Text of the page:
Poor adherence to early childhood blood pressure measurement guidelines in a large pediatric healthcare system
Children who were born prematurely, those with a very low birthweight, or who have survived the neonatal intensive care unit (NICU) are at risk for the development of hypertension and chronic kidney disease (CKD), and thus require blood pressure screening less than 3 years of age, per American Academy of Pediatrics (AAP) 2004 and 2017 guidelines.
We reviewed the practice patterns of a large pediatric health care system and assessed adherence to the AAP clinical practice guidelines on blood pressure measurements in children less than 3 years of age for hypertension and CKD with the following risk factors: prematurity, very low birthweight, and a neonatal intensive care setting encounter. This retrospective chart review included a total of 9965 patients with a median gestational age of 34 weeks.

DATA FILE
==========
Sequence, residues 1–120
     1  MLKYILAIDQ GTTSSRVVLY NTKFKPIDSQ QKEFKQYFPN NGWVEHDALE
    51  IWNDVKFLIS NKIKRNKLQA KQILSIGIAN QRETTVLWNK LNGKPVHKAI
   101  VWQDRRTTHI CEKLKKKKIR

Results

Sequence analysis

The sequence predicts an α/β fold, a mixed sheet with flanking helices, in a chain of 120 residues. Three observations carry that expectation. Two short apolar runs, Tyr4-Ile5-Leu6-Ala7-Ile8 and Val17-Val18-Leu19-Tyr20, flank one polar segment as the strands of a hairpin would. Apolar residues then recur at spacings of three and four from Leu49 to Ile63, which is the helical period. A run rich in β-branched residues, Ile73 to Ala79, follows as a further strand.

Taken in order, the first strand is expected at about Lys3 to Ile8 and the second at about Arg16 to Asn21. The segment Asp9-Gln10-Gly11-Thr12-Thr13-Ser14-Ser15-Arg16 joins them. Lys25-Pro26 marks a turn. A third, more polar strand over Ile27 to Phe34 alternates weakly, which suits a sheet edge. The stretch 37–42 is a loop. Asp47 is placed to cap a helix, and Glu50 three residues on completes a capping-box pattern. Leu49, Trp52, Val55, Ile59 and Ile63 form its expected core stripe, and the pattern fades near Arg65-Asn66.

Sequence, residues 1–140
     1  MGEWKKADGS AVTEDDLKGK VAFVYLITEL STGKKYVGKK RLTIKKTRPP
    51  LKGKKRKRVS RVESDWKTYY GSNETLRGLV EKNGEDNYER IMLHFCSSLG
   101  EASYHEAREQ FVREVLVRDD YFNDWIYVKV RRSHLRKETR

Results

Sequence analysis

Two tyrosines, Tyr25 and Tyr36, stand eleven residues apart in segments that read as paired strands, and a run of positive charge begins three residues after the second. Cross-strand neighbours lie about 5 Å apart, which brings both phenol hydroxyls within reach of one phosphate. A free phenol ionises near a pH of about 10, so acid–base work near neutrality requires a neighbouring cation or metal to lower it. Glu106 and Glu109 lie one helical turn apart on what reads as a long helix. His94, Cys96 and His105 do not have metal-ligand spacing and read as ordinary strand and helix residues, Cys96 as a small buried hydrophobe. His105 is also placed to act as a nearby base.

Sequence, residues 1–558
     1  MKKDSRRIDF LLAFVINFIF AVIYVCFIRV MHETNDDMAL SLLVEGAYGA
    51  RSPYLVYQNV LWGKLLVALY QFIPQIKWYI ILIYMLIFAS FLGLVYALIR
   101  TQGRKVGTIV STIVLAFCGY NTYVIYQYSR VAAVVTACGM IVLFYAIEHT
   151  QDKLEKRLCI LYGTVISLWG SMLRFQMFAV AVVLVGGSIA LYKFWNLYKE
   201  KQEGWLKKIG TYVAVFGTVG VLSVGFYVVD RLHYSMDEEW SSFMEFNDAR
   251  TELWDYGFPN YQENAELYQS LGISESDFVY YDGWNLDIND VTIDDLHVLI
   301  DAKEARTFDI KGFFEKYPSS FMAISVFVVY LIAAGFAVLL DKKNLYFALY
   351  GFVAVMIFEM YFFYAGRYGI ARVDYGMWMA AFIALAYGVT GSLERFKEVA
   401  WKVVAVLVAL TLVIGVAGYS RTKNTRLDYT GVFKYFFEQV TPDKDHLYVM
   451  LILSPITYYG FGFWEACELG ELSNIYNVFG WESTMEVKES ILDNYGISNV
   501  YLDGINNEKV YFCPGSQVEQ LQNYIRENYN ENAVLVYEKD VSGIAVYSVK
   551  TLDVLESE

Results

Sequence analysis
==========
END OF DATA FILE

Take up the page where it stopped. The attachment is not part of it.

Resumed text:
Overall, 38% of patients had at least one blood pressure measured less than 3 years of age. Primary care accounted for 41% of all outpatient encounters and 4% of all blood pressure measurements. Surgical specialties (i.e., ophthalmology, otolaryngology, and orthopedics) accounted for many non-primary care visits and were less likely than medical specialties (i.e., cardiology and nephrology) to obtain a blood pressure measurement (p < 0.0001).
This study of a large healthcare system’s practice revealed a lack of basic screening for hypertension in a population known to be at risk for hypertension and CKD.
KeywordsBlood pressure Pediatrics Prematurity Very low birthweight Hypertension
Compliance with ethical standards
We obtained Institutional Review Board approval to perform a review and analysis of de-identified patient data.
Conflict of interest
The authors declare that they have no conflict of interest.
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